We eventually made it to the summit and a short period of elation gave way to the urgent need to get down as we felt unsafe in between a sheer twenty meter drop and a wall of people bustling to get past each other to have a photo next to the summit sign; it gets very busy in a very small space up there. It was even more treacherous on the way down as it had started to rain and there were certain sections where it seemed if you slipped you could be falling for a very long time. In the end we didn’t see an amazingly romantic sunrise as it was too cloudy but being above the clouds is still pretty unbelievable viewing and we were both overjoyed with our effort and achievement when we arrived back at the park headquarters.
At the bottom of the mountain you can catch one of the regular luxury buses back to Kota Kinablu or on to Sandakan. You can also stay an extra night at Sutera Sanctuary or do like most people do and stay at the hot springs resort near by. We chose to get straight on the bus though and on to Sandakan for a wild life camp at Uncle Tans. Uncle Tans wildlife camp started out in 1986 when the man himself began taking tourists on wildlife tours around Sepilok and Sandakan. Move on twenty years and Uncle Tan is no longer around but the legend lives on with a large Bed and Breakfast/Operations centre, a wildlife camp and boats along the Lokan river in Kinabatangan.
Viewing the elusive orangutan
We stayed at the operations base the night before our trek, this isn’t necessary but you do have to be there at 9:30am the next day so it’s worth at least staying on the same road as Sandakan is up to an hour away. The accommodation at the operations base is basic and our room had no hot water, Danielle would certainly recommend trying one of the number of other more upmarket choices close by. The morning starts off with a visit to the Sepilok orang-utan rehabilitation centre, this isn’t part of the camp and you have to pay the entrance fee of RM30 but the transfer from Uncle Tans is complimentary. The centre is a fantastic place, we were unfortunate to have two orangutans turn up for feeding who were camera shy and turned their backs on us for the entire hour but we heard from others at the camp they had seen up to twenty of them turn up and cause chaos jumping all over each other. It’s not a zoo and the orangutans come from the near by jungle for a free nosh up so it can be hit and miss but I guess that’s all part of the appeal.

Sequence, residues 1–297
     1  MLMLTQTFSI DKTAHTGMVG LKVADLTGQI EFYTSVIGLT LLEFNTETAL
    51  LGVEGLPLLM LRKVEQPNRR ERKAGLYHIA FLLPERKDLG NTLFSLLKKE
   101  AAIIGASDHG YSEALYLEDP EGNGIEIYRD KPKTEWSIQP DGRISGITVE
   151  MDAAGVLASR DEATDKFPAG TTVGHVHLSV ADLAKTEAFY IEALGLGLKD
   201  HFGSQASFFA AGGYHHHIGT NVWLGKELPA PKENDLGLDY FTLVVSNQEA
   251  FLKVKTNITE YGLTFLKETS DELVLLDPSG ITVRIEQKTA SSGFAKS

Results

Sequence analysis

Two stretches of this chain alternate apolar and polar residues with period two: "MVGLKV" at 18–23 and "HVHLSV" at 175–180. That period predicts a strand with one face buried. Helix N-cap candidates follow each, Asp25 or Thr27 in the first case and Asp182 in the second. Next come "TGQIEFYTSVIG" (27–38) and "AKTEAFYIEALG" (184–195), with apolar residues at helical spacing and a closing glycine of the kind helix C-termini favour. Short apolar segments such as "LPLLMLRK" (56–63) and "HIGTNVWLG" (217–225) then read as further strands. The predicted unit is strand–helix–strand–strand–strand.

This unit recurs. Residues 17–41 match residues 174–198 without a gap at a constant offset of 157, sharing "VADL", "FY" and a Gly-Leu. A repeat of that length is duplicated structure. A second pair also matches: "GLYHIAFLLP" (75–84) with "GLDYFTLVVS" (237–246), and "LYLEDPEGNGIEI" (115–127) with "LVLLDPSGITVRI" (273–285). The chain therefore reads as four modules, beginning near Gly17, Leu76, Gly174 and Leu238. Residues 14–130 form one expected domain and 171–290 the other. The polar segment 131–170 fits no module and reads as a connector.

Later in the morning we were off to camp, an hour by mini bus and then an hour on a boat headed down the river. For some reason the boats the camp use do not have roofs and after remarking to each other how amazing it was to be out on the river we quickly found ourselves in the middle of a biblical downpour. Although we both had decent waterproof jackets on I stupidly had my phone, passport and wallet in my non waterproof shorts pockets. Complete amateur. I’m happy to report both the wallet and passport are now doing fine but the phone didn’t make it. RIP phone. Be warned.
The camp is very basic but we forgave that as we spent the next two days seeing orangutans, proboscis monkeys, long tailed macaques and a host of other animals in their natural habitat. We went on morning, afternoon and evening safaris across the two days by boat along the river and some trekking through the jungle, all were fantastic. The guides are extremely knowledgeable and can spot the smallest of monkeys from miles away whilst driving a long tail boat down the river at full speed with huge smiles on their faces, they are all really lovely guys as well.
The catfish weren’t the only thing biting
There is a real family friendly atmosphere at the camp and there were lots of families with children when we were there. There is even a camp band to entertain throughout and after dinner consisting of a few of the guides and the cook. What lack in talent they make up for in volume though which did get slightly annoying later in to the night when we were trying to sleep for our 6am morning safari. Word to the wise, I am normally a magnet for mozzies, in fact I am utterly irresistible to them, like mosquito crunchy nut cornflakes; Uncle Tans mosquitos took it to the next level though. Yeah I don’t know what the next level is either but it involved bites too numerous to mention. Luckily we had some good soothing cream but stupidly we had the worst mozzie repellant ever as it was the only thing available near the camp and the camp incredibly doesn’t sell any….be prepared would be the motto of the day.
We also managed to squeeze in a bit of fishing which was a paid for extra but well worth it. Danielle cried when she caught cat fish after cat fish and they squeaked a terrible, sad sound when they were plucked from the water. Her sensitive side was no match for her competitive spirit though and she plucked a further eight out to my measly one, I didn’t hear the end of that for days. We BBQ’d our fish for dinner and luckily Danielle let me have a few of hers so I didn’t starve. The food in general was fantastic considering it was brought in by boat and prepared in the middle of the jungle. We had a number of different curries and vegetable dishes throughout our stay, all were delicious and we even received a free cooking lesson one evening from the camp cook.
Although there were times when we were extremely tired, uncomfortable, crying and wishing we weren’t there throughout the trip, we both look back now with extremely fond memories. Whilst it isn’t for the faint of heart, it’s certainly not a hard core adventure holiday either and you can certainly up the luxury levels of certain parts of the trip if you so desire. I don’t think we will be pursuing a career in mountain climbing after this but another New Years on a wildlife tour may just be a certainty.
Rhys is a 31 year old I.T. consultant from England who, after working in Sydney for four years, decided to pack it all in and set off with his girlfriend Danielle on the travelling adventure of their dreams. Destinations include Thai kickboxing camp, volunteering in Cambodia, Myanmar, Everest base camp, Burning Man festival and plenty of motorcycling adventures; they are currently blogging daily about their experiences on 365 Days Off Work.